CAMP LogoMy favorite part of CAMP was our keynote speaker, John Gerzema’s speech.  He gave a great presentation and discussed some of his company’s research.  What BAV Consulting discovered is that the key traits people feel are vital to an effective leader are also typically thought of as feminine traits.  He discussed the importance of characteristics such as patience, empathy, and candor, in a leader.  It was an excellent speech, and one that really resonated with me.

John Gerzema CAMP

Throughout the day, CAMP attendees also learned about the importance of big data in marketing from Kevin Richardson, who was also a keynote speaker.  Despite Kevin’s belief in and support of big data, he also discussed the importance of qualitative marketers, and suggested that the field of marketing must never lose them, or it will lose something crucial to marketing.

Kevin Richardson CAMP

There was also a panel of professionals from the Columbus area, all of whom were involved in social and digital media at companies such as Jeni’s, Homage, Piada, and SME Digital.  The panelists discussed the importance of social media in the field of marketing, and the challenges facing marketers as they navigate through the digital world.

Panel CAMP

We also presented the Marketer Of The Year Award to GoPro!


As a CAMP committee member, I’m very proud of how well all of our hard work paid off.  CAMP was an event that everyone enjoyed, and I’m excited to see how CAMP changes and grows for next year!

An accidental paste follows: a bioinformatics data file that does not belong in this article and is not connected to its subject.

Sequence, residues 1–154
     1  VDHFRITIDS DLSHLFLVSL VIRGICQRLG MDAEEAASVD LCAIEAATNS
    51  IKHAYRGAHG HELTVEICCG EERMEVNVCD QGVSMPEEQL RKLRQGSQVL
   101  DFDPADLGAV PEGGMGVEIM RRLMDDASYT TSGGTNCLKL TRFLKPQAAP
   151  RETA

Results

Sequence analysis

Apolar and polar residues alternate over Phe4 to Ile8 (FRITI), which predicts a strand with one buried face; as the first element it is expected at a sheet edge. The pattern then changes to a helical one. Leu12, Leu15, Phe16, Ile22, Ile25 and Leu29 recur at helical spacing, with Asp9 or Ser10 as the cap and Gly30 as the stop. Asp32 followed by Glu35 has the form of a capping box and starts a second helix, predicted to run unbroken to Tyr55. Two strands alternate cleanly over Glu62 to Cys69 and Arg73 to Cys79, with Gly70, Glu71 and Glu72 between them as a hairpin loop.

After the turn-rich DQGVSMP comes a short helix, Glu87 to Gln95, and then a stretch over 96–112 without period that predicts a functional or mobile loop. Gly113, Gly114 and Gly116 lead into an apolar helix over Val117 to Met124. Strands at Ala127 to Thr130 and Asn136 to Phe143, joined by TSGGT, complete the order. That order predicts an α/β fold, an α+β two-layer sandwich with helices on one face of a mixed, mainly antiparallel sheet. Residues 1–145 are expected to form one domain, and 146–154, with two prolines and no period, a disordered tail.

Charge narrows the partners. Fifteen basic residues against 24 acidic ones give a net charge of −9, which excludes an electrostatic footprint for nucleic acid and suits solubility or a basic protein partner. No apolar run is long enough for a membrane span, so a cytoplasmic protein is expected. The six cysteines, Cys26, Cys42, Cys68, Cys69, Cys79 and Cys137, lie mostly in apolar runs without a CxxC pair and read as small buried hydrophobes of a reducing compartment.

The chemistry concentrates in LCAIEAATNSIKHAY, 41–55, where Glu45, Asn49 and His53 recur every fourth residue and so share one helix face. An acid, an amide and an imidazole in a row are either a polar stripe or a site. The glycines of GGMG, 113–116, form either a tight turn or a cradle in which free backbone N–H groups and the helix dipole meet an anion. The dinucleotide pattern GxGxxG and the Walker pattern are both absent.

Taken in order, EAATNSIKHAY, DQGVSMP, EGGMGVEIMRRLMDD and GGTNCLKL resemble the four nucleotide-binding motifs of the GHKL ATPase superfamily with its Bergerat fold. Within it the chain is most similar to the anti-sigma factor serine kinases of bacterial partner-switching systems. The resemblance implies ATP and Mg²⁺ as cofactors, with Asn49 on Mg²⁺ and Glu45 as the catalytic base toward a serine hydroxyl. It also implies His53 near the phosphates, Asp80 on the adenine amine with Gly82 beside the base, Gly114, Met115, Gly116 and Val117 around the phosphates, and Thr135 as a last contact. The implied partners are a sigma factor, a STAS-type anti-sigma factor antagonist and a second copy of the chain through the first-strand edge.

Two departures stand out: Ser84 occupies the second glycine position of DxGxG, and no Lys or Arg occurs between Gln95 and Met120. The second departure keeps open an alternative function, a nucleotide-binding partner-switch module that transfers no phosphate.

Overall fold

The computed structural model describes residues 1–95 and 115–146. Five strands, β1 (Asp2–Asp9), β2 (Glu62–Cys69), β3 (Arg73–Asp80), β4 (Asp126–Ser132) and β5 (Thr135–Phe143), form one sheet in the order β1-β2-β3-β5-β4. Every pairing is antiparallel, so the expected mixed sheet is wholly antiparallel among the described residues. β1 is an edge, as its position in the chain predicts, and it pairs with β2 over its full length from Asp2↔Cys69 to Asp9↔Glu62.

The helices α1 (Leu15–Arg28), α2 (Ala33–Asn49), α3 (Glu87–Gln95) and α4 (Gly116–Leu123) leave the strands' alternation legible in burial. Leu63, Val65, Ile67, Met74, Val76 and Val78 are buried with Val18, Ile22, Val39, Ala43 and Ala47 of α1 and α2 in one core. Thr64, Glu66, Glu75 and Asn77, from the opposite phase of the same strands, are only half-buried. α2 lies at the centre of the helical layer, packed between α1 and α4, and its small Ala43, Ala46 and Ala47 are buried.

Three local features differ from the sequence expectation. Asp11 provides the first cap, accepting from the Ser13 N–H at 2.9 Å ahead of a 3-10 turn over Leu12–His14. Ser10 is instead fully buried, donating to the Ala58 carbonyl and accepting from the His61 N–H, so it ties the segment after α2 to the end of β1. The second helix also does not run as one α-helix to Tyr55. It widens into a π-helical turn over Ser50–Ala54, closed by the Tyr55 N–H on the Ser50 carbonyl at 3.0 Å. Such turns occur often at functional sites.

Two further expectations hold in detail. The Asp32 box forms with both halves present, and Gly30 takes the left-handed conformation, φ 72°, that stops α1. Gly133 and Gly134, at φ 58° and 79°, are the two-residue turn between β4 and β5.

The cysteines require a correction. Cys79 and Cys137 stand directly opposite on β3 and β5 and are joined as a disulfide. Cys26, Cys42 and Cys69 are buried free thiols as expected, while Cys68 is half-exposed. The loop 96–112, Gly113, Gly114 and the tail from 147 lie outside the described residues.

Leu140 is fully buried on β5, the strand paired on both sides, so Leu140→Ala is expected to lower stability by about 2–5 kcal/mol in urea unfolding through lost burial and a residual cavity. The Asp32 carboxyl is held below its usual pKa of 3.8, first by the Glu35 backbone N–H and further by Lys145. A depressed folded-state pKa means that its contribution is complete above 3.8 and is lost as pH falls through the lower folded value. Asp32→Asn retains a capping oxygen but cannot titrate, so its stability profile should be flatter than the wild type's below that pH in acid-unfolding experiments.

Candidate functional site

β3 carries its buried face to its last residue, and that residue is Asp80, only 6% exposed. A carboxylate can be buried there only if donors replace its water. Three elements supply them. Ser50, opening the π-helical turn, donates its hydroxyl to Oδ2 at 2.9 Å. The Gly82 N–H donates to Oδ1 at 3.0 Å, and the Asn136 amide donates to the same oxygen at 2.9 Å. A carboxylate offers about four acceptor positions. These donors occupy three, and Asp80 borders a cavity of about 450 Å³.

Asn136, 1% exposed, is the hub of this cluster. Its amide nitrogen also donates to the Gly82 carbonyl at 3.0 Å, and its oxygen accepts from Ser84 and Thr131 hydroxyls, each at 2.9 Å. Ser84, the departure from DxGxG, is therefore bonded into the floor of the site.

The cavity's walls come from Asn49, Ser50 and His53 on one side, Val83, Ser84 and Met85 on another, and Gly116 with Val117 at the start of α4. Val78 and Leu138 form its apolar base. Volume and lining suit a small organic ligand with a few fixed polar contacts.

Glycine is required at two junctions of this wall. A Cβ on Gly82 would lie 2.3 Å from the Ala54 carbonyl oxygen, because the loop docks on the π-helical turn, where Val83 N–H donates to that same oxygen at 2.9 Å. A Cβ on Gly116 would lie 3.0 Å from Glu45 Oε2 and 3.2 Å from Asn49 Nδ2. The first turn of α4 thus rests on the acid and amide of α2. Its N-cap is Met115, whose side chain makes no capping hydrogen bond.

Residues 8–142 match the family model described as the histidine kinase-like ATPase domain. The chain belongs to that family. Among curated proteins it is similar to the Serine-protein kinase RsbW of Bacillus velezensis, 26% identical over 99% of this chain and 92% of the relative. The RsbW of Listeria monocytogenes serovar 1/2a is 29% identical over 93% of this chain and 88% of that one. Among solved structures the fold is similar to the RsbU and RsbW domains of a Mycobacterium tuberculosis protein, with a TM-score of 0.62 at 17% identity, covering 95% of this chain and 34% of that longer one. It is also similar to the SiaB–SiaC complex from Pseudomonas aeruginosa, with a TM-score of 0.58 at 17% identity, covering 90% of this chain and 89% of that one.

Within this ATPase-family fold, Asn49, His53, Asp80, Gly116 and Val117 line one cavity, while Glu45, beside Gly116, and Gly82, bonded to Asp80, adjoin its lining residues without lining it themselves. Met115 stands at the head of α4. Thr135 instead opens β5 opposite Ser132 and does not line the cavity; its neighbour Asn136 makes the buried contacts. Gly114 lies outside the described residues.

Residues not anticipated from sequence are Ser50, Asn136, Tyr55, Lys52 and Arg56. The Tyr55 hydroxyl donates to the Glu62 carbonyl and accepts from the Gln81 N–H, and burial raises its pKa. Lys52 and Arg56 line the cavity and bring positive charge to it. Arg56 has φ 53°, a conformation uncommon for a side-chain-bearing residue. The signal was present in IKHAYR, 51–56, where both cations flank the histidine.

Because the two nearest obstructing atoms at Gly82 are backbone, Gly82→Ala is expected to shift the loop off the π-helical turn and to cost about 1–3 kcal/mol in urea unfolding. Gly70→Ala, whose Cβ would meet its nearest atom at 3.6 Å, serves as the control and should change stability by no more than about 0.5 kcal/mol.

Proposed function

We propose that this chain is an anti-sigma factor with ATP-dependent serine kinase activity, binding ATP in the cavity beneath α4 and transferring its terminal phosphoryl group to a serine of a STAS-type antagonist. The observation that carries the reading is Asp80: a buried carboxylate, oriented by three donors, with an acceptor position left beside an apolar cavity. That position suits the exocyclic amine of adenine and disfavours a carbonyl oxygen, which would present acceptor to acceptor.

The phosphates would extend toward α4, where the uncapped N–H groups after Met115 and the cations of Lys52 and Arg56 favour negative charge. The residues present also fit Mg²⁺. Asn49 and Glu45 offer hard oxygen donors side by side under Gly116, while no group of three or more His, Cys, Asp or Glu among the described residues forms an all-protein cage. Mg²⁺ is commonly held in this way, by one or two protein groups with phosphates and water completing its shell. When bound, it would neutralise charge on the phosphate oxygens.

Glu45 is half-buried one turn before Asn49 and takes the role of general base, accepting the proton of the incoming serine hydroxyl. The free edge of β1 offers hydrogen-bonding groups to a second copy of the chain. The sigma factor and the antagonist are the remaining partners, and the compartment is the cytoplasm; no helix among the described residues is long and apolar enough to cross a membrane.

CAMP 2015


Every year, Fisher’s Association of Marketing Professionals (AMP) puts on their annual Columbus Advertising & Marketing Powwow (CAMP) event.  At this event, students and professionals come together to learn about new trends and recent developments in marketing and advertising.  This year’s CAMP will include keynote speeches from John Gerzema, the CEO of BAV Consulting, and Kevin Richardson, the Senior Vice-President of Consulting Services at Nielsen Marketing Analytics.  The day will also include a panel of marketing professionals from the Columbus area, as well as the presentation of the second annual Marketer Of The Year Award, which will be presented to GoPro.

The 2015 CAMP will take place this Friday, March 27th, at The Fawcett Event Center from noon to 4:30 p.m.  If you are a current or prospective student, or if you are simply in the Columbus area and interested in learning more about marketing, come join us!  Tickets are currently on sale on the Fisher AMP website  Lunch will be provided and parking is free!  More information about this year’s speakers, panel, and Marketer Of The Year can also be found on the website.

Fisher AMP is very excited about this year’s event, and we have a few fun surprises planned for the day of.  Come check it out!


Second Semester First Years: A changing (still busy) life